Another variable that all nurses, particularly those who work in the OR are well aware, is wind travel. The virus has been said to be most clever in its transmission efforts by catching a breeze and traveling to its next victim. This is why an OR tech will position themselves in the OR so that they face the door and can watch traffic in and out, monitoring for potential transmissions as the movements and wind traffic is increased within the room. Imagine though, our wearing our masks, being coughed and spit upon and then sinking them down in our pockets, only to return them to our faces after being touched with our hands or even flipped inside out before being replaced on our faces. We aren't following smart procedure in the use of these masks. I suspect any finding in reduction of transmission is a variable associated with masks, such as reduced traffic in general, than to the mask itself. The jury is still out on this one.

The good news is that the fatty membrane of this virus is easily destroyed by soap. Washing between every drive through customer though will invite risk for drying and cracking, which breaks that protective barrier and again increases risk for transmission. At some point we have to consider that our bodies are designed to protect us and some of our interventions actually increase risk. It is vital to think critically. What makes sense to you? My advice as you dig in and think, consider a non-perfume moisturizer and eating exceedingly health, getting in the fresh air, moving frequently, and reduce your stress. Sleep sufficiently every single night.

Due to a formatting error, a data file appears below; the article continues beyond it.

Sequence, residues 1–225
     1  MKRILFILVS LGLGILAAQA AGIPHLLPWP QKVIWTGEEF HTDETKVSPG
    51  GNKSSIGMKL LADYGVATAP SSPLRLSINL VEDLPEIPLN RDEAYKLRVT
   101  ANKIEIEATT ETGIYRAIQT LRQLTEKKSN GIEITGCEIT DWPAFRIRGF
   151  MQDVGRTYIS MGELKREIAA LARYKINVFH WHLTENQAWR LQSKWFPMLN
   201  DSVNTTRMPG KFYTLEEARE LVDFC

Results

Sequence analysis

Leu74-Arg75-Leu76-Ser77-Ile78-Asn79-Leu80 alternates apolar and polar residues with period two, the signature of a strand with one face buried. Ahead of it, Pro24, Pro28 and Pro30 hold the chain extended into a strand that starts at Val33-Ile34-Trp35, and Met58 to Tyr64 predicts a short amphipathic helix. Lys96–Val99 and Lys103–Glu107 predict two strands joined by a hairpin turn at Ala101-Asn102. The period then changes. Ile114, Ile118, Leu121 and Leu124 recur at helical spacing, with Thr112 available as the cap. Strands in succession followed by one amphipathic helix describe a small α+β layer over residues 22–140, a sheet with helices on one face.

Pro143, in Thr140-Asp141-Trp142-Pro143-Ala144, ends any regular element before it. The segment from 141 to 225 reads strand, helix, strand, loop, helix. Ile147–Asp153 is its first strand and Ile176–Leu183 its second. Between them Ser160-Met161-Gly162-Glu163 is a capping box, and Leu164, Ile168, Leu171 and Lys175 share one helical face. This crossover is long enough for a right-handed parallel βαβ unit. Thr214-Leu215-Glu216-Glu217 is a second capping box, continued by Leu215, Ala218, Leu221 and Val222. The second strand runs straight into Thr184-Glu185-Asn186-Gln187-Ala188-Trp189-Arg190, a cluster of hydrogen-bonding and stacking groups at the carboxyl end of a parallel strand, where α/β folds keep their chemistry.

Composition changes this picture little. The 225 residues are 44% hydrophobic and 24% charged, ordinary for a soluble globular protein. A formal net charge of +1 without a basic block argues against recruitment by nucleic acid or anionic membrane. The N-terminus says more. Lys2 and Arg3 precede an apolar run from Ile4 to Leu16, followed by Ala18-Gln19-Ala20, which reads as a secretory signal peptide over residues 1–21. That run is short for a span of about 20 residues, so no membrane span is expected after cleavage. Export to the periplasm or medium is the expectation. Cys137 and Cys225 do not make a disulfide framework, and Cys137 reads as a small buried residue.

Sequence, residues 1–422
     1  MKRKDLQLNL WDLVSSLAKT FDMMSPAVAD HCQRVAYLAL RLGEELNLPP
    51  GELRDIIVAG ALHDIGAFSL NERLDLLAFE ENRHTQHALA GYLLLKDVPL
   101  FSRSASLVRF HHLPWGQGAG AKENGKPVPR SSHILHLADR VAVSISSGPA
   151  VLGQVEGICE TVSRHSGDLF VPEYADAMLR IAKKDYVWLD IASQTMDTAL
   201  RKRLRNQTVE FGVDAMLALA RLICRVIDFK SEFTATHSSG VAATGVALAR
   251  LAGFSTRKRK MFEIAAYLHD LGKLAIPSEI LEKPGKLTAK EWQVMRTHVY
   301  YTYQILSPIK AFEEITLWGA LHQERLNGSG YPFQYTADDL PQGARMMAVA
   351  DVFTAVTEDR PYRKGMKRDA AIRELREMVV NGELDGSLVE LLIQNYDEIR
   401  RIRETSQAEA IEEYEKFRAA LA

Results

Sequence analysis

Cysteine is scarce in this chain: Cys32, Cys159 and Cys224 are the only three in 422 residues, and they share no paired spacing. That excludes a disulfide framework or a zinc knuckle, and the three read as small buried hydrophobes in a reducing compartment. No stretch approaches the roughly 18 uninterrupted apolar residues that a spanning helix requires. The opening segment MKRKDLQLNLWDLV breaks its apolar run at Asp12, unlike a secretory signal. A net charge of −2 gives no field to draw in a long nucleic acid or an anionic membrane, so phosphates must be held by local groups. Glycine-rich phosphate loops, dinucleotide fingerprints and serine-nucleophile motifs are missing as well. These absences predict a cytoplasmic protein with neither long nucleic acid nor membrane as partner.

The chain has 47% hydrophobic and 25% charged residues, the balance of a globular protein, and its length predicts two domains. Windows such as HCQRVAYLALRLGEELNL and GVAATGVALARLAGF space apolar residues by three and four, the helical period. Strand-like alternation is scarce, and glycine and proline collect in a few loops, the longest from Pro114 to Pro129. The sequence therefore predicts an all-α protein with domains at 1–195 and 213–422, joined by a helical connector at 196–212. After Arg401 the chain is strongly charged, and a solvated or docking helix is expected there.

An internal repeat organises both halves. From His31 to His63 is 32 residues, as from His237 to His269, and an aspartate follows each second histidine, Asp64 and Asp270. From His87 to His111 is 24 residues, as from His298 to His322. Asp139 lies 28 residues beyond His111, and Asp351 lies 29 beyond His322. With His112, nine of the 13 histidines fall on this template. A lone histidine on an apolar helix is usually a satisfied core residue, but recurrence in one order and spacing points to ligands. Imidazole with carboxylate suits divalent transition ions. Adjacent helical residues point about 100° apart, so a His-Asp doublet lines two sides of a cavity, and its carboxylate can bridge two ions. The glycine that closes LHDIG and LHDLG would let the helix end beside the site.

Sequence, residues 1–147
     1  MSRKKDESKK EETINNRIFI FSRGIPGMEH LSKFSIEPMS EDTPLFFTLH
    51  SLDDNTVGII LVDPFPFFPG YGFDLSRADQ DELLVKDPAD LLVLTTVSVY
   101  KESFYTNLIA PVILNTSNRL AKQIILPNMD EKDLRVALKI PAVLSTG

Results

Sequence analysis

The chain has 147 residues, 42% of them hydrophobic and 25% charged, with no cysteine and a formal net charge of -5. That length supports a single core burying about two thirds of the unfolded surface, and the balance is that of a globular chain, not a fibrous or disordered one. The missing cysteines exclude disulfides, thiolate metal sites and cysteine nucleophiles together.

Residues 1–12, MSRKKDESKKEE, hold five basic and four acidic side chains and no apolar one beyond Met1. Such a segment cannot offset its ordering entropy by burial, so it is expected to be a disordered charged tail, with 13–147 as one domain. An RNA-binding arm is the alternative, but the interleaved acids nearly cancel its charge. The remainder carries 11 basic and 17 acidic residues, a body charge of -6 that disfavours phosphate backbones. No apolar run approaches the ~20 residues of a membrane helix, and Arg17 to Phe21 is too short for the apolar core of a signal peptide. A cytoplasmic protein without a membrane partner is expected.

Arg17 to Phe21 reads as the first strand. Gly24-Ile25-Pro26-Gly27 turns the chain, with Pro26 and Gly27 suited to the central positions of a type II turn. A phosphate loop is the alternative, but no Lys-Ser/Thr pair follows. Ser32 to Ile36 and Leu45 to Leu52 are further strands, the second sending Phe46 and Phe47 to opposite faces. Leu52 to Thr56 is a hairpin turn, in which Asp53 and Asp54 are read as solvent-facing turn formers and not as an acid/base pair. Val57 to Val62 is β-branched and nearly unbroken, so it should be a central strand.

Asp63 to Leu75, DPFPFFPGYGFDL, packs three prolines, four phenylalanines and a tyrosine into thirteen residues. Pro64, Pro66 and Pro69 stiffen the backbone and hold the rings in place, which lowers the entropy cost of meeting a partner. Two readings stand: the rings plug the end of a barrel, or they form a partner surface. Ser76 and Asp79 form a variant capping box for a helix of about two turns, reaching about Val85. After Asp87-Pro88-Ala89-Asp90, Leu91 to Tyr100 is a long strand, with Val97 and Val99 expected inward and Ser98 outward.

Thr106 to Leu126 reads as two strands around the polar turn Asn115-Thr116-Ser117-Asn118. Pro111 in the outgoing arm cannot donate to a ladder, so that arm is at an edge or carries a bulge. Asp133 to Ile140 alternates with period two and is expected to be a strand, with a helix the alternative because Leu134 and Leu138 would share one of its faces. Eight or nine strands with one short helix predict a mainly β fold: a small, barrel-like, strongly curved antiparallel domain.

Physical Distancing

There is discussion, even at the level of the World Health Organization, that social distancing should be decreased to every three feet. This may help those who carpool. Please open our gyms and reschedule our concerts.

Urgent Care Staffing

Flu season is always a challenge for urgent care centers, increasing visits with symptoms of fever, body aches, and other classic flu symptoms. These clients receive flu screenings, and sometimes antiviral medications such as Tamiflu or Xofluza. This year however, the nation is in the throes of a surging pandemic and urgent care centers were already seeing an increase in patients, but most are less worried about flu and more focused on COVID-19.

During these busier times, urgent care centers often turn to staffing agencies to meet these short-term needs. October through March tend to be the busier seasons for urgent care, but this year certainly hasn't seen the same flu numbers as the 2020-2021 season. In fact, there are clinicians reporting they haven't seen a single case of flu this entire season! January through April do tend to be the worst seasons however.

Fewer flu diagnosis may be due to a greater emphasis on safety precautions such as social distancing, face wearing and handwashing. Whether clients seek care in the urgent care for suspected flu or COVID-19 or screening for either, these will likely soon be locations for receiving COVID-19 vaccines as well. Certainly, if you are a primary care client of mine, connect with me if you feel you have symptoms, and I am more than happy to assist you in making decisions regarding your options.

34 views0 comments

Recent Posts

See All


bottom of page